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Cellphone video shows man killed by police holding gun, CPD says

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Joshua Beal, 25, was captured on cellphone video holding a gun during a confrontation in Chicago's Mount Greenwood neighborhood. (WLS)

Cellphone video, shared widely online this weekend, shows a 25-year-old Indianapolis man holding what appears to be a gun before he was fatally shot by a Chicago police sergeant.

Joshua Beal was killed Saturday afternoon in the city's Mount Greenwood neighborhood after a traffic dispute.

Joshua Beal



On Monday, Chicago police said the cellphone video is authentic and not altered. The video shows a chaotic scene of shouting and shoving mostly white men on the left side of the screen and African American women on the right.



A man in red, identified as an off-duty officer by sources, is seen pointing a weapon at the group of women. He then puts the weapon into his waistband.

As the camera swings right, it shows a man a car length away from the argument raising his hand for two seconds with what looks like a weapon. The man was Beal, Chicago police said.

The fatal shooting of Beal occurs after the video ends and after other officers arrived on the scene.

The Independent Police Review Authority (IPRA) is investigating.

"IPRA investigators are in talks with several eye witnesses and are taking steps to authenticate the videos and images that have been widely circulated. While it is still very early in the investigation we can confirm that early ballistic evidence suggests multiple firearms were discharged. It is our hope that people will wait until all evidence is brought to light before making any conclusions about what happened yesterday evening," said IPRA spokesperson Mia Sissac.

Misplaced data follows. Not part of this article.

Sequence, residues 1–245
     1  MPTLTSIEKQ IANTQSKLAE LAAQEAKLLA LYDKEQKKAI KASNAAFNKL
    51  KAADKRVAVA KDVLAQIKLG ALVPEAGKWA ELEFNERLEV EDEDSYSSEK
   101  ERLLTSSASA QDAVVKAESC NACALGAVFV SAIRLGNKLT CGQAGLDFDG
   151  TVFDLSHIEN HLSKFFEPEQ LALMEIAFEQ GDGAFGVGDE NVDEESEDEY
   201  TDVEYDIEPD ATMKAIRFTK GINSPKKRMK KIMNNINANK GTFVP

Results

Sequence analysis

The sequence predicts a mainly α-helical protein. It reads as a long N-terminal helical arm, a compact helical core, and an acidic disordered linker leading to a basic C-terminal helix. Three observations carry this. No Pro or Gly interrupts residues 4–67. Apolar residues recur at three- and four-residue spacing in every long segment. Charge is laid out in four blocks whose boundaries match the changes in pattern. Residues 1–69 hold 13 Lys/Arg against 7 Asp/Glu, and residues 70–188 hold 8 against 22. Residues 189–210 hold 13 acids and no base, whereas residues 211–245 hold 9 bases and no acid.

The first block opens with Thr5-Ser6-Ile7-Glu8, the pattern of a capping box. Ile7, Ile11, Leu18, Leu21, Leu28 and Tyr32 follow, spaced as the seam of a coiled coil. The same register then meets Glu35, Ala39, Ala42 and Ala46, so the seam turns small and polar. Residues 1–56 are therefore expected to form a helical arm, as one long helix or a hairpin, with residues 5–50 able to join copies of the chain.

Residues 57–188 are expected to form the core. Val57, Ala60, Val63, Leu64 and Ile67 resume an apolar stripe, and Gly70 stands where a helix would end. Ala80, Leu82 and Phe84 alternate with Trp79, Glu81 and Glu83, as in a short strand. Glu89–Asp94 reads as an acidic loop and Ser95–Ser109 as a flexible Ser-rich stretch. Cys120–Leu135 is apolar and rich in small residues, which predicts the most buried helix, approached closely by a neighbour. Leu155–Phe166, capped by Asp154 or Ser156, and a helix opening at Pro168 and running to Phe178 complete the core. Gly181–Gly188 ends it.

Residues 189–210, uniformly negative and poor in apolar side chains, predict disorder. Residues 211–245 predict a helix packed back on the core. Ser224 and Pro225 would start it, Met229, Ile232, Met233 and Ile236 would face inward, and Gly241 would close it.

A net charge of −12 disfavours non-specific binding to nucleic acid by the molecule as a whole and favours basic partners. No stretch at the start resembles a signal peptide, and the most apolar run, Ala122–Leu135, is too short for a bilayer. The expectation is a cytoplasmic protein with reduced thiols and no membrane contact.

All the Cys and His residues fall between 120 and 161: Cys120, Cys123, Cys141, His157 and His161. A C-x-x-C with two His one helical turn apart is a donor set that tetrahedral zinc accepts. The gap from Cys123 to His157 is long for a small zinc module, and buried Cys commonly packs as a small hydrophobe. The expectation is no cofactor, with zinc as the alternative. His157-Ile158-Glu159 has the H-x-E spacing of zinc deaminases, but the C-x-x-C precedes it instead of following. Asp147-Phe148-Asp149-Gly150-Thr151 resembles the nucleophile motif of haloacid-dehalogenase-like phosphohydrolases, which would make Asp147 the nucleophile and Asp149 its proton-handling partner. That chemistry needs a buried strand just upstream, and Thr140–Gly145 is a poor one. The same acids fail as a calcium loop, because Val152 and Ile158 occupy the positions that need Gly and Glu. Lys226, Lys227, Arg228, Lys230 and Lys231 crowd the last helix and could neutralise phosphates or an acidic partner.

An off-duty firefighter was in a separate altercation nearby when the shots were fired, sources said.

A photo captured the firefighter, who ran toward the scene, trying to save Beal after the shooting.

Beal's brother, Michael Beal, was arrested Saturday in connection with the incident.

He was charged with aggravated battery to a police officer, resisting arrest and attempting to disarm a police officer. He is due in court on Tuesday.

Michael Beal.



The two Chicago officers involved in the incident are on administrative leave.

The incident sparked clashes between two groups near the site of the shooting.

On Sunday, Mount Greenwood residents squared off against activists demonstrating against the shooting. The clash between Black Lives Matters and Blue Lives Matters groups became tense at times as they exchanged chants such as "KKK" on one side and "CPD" on the other side.

On Sunday, protesters clashed in the Mount Greenwood neighborhood one day after a police-involved shooting.



On Monday, Marist High School said it is taking action after a student's racially charged post on social media reacting to the shooting.

This statement was posted on the school's website: "This evening Marist High School was made aware of a racially charged post on social media involving Marist students. We are devastated by this situation. Disciplinary action is being taken. Marist is a diverse community, made better and stronger by that diversity. As a school community, we continually work so that each student feels welcome, valued, and safe. We have been and will continue to engage with diverse student leaders to give a voice to all students and to focus on shared values. Given the tenuous times we all are living in, and recent events nearby Marist High School, our mission to make Jesus known and loved is more pertinent than ever. As always, the safety of our students is of utmost importance."

WATCH: MARIST STUDENTS DISCIPLINED AFTER RACIAL SLURS
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A group of Marist High School students were involved in a group text about the police shooting in Mount Greenwood.



Five students were involved, Marist administrators said. They hope to use the incident as a teachable moment.

Marist principal Larry Tucker said he was devastated by the messages.

"It's an excellent opportunity for us as a Catholic school to approach this not just as a social issue, but as a moral issue," said Hank Hammer, Marist president.
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